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Re: completion tricks

Adam Spiers wrote:

> Sven Wischnowsky (wischnow@xxxxxxxxxxxxxxxxxxxxxxx) wrote:
> > On a stand-alone Linux box there probably really isn't that much
> > difference, but at least for me compiling the whole completion system
> > into a memory mapped digest file and using that makes things faster
> > (after the first function is loaded).  It also saves memory, of course 
> > because mapped files are shared by all instances of zsh running on the 
> > same host (if your OS supports that, but almost every Unix should).
> Would you mind showing how you do this quickly?

I use this:

    zrec() {
      zrecompile "$@" -p -- \
        -R ~/.zshrc -- \
        -R ~/.zdump -- \
        -R ~/lib/zsh/comp/Core/compinit -- \
        -R ~/lib/zsh/comp/Core/compaudit -- \
        -R ~/lib/zsh/comp/Core/compdump -- \
        -M ~/lib/zsh/funcs.zwc \
           ~/funcs/*(.) \
           ~/lib/zsh/comp/*/_* \

Never mind the funny paths.  Since I just upgraded the zsh I use every 
day (above the development version) to 4.0.1-pre2 I can say that this
worked for me with the latest CVS, so I'm not sure why you get:

> ...
> zsh: parse error near `|'
> zcompile: can't read file: /nfs-home/adams/local/share/zsh/4.0.1-pre-2/functions/Completion/Builtins/_vars_eq

There are only `||'s in _vars_eq, no `|'s.  Do you have any aliases
that might get in the way?  You'll have to use `zcompile -U ...', then.

> Also, for this to work, wouldn't I have to include ~/.zsh/comp.zwc in
> fpath? 


> Why did the example suggest only to compile Completion/*/_*,
> not Completion/*/* ?

So that one saves the (probably not too large) space for the comp*
functions which get called only seldom and unfunction themselves.  If
they are in a mapped zwc file they might still be kept in memory even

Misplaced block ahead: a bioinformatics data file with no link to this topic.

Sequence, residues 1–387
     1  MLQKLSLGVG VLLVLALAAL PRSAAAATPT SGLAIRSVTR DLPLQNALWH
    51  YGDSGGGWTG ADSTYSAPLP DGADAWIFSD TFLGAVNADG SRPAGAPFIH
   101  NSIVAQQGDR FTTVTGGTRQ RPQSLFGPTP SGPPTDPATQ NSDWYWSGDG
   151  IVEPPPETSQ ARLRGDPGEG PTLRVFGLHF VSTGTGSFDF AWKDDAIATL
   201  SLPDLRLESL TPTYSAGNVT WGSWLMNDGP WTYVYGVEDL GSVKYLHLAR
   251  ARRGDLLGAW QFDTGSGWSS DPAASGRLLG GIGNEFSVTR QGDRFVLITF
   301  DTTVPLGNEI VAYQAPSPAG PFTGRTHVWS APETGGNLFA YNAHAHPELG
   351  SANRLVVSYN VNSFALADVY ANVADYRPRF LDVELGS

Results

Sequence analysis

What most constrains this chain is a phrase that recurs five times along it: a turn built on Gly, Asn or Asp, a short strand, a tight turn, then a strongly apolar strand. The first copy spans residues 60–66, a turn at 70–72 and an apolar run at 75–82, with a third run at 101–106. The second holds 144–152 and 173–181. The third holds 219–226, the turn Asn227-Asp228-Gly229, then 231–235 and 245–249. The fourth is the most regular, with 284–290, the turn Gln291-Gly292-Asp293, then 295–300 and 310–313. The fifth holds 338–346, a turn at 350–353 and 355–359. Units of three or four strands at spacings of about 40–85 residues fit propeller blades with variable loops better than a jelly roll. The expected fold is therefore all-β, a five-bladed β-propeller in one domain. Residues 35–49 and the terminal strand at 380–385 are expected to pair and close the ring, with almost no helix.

though they will never be called again through the lifetime of the shell.

> I get the impression there are several different strategies one could
> take with compilation.  For example, how much is there to be gained by
> replacing all the Completion/* directories from the fpath with a
> single compiled foo.zwc digest?  Could you even do that, given that
> presumably foo.zwc would be missing Completion/Core/comp* ?

Of course different strategies might be useful: everything into one
zwc (probably the fastest -- I even put my personal utility functions
in my master zwc file), one zwc digest per directory... Using one zwc
file per function would be a bad idea, though.  Most of them will not
be mapped unless forced with the -M option but then one would have so
many mapped files open that the kernel might get unhappy.

Using the zwc digest for only the completion functions (sans comp*)
works, of course (see above), but you'll have to put at least the Core 
directory in your $fpath.  Put it after the zwc file and the shell will 
starting searching that, find the function it's searching and not look 
at the directories, so it's quite fast (after the first function found 
in the digest file the `directory' from the zwc is mapped in memory
and searching it...).

> The more I think about it, the more I like the idea of `make install'
> (or maybe `make install.zwc') taking the most sensible compilation
> route.  The distribution's completion functions probably aren't going
> to change at all in between upgrades, after all.

I wouldn't be against that, I just wouldn't know what style to suggest:
one for all, one for each directory, and there are also the functions 
in the Functions directory... Although users still have to call
autoload with the function names they want so it isn't that big a
problem if the global zwc digest contains functions some users don't
want to use.  Hm.

> > > Completing files with TAB was noticeably slower with the new
> > > system over the old.
> > 
> > As Adam pointed out, this of course depends on the completers one uses 
> > (and the match specs, btw.).
> Perhaps these performance hits should be mentioned in the manual?

Well, that putting many function into the completer style makes things 
slower shouldn't be that surprising.  And for the match specs I'm not
completely sure what to suggest (even thought I asked Peter to put
something about that into the Guide, which he did).  Specs with `*'
are slower than others, specs with `**' even more so.  But depending
on the number, length and complexity of the matches one probably
wouldn't notice that on modern computers.  Using many matchers with
the matcher-list style can make things slow, too, but I always think
that using to many different matchers isn't that good idea anyway
(because they will probably match too often) so that users will find
that out if they want or not anyway.

But of course I'm not against putting a little warning here and there
into the manual.  Maybe we could first collect some reports from
everyone here about things which they considered to be too slow (and
how they solved it).


Sven Wischnowsky                         wischnow@xxxxxxxxxxxxxxxxxxxxxxx

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